Musical resources, too, were expanded. The first American Catholic hymnal was published in Philadelphia in 1787 by John Aitken. The first organization for Catholic musicians in the United States was the American Caecilian Society, founded by St. Francis Seminary (Milwaukee) professor John Singenberger in 1873. Hymnals in ethnic languages were common through the nineteenth century.
Diverse music reflected the fact that, although liturgical practice was ostensibly unified and universal, various immigrant groups carried with them diverse liturgical cultures from the Old World to the New. Paraliturgical customs especially varied, with differing devotions expressed by Catholic Americans of Italian, Irish, German, Polish, Mexican, and Caribbean descent.
Along with the immigrant laity came religious orders, who brought with them long liturgical traditions as well. Arguably most significant was the Order of St. Benedict. It was in the Benedictine abbeys of Europe that the twentieth century liturgical reform movement had its origin. From Dom Prosper Guéranger’s monastery of Solesmes in France in the 1840s, the ideas spread to other Benedictine establishments such as Maria Laach in Austria. Romano Guardini’s Spirit of the Liturgy (1918) catalyzed the movement and rendered its ideas accessible to a wider audience.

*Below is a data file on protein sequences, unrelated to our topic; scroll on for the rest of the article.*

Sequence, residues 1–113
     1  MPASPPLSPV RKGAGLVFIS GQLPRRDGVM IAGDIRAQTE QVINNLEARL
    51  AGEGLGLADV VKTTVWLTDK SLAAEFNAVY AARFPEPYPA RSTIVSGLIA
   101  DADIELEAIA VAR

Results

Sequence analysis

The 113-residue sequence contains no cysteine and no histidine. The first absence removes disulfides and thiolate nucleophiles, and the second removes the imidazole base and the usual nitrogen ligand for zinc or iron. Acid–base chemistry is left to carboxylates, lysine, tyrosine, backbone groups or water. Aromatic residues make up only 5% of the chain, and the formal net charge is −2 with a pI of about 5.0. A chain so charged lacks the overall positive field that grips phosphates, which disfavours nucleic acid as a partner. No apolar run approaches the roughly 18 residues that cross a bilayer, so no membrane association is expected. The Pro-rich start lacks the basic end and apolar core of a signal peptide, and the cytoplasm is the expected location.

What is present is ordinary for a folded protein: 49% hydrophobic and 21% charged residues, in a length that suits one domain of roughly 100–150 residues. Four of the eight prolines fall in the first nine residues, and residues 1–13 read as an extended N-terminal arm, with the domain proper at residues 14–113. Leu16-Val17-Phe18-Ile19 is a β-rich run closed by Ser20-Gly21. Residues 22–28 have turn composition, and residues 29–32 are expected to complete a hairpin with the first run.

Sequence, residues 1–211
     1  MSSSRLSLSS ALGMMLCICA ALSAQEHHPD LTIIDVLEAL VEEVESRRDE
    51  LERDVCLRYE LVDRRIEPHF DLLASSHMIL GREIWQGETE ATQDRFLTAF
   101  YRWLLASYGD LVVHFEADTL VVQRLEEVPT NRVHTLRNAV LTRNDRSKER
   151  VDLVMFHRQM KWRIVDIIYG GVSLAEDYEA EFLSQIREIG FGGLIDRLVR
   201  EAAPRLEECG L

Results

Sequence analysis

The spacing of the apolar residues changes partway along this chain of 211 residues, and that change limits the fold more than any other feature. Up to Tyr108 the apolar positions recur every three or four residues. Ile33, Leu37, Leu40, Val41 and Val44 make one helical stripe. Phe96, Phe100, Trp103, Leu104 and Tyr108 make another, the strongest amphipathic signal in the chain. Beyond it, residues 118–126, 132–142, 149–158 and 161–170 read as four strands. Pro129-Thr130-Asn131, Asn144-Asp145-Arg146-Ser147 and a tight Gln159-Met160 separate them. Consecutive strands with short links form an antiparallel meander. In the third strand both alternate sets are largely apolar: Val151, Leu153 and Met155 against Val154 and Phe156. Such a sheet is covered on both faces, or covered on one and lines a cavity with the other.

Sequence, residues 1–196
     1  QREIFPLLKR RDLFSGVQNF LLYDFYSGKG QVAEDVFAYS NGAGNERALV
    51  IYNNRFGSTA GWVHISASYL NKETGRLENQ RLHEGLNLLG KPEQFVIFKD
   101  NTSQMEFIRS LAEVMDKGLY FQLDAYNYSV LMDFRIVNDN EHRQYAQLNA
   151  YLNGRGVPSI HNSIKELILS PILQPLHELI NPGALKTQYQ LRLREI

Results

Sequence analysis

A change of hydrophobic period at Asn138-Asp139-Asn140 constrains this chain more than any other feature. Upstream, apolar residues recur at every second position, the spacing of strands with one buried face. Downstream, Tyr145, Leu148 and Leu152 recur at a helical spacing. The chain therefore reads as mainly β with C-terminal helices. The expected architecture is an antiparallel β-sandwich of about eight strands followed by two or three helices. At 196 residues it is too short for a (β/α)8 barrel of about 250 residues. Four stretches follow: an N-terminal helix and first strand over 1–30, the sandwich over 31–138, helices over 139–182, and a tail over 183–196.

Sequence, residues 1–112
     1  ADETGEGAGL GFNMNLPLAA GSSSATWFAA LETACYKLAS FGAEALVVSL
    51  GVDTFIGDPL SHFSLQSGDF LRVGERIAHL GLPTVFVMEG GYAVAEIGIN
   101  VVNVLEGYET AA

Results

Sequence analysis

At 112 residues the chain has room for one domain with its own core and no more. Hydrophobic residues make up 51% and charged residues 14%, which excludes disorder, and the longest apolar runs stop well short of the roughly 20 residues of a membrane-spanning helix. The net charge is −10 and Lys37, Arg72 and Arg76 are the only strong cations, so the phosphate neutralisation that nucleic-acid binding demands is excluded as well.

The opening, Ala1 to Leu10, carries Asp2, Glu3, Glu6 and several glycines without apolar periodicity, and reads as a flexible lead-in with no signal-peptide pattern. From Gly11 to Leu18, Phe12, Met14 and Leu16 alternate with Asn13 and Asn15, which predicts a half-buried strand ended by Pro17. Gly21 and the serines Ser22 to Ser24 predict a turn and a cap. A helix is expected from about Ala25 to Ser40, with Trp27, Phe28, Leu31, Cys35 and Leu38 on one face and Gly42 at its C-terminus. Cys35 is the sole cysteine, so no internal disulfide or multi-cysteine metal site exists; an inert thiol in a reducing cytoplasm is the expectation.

The movement viewed itself as a return to a liturgical past, a deeply traditional effort to improve the Church’s liturgical practice. But some of the specific elements of the reform—dialogue Masses (with the people saying prayers aloud); congregational singing; and the use of vernacular languages—struck many as innovative, even revolutionary, ideas.
The reform spread to the United States through Benedictine institutions. St. John’s Abbey and University in Collegeville, Minnesota became a prominent center, as did Conception Abbey in Missouri. One of St. John’s monks, Virgil Michel was the best known advocate of liturgical reform; together with diocesan priest Martin Hellriegel and Jesuit Gerald Ellard, he founded the flagship journal of the movement, Orate Fratres, as well as the Liturgical Press, in 1925.
Ellard, a professor at St. Mary’s College in Kansas, promoted the ideas of liturgical renewal in a host of articles appearing in publications such as Thought, Catholic World, America, and the American Ecclesiastical Review. His magnum opus was Christian Life and Worship (1933), which remained the major American work on the topic through the 1950s. He reached some 100,000 Catholics over twenty years through his classes on liturgy in the annual Summer School of Catholic Action organized by Daniel Lord, SJ. In 1948, Ellard’s The Mass of the Future predicted in important respects the character of the Mass implemented in the 1960s.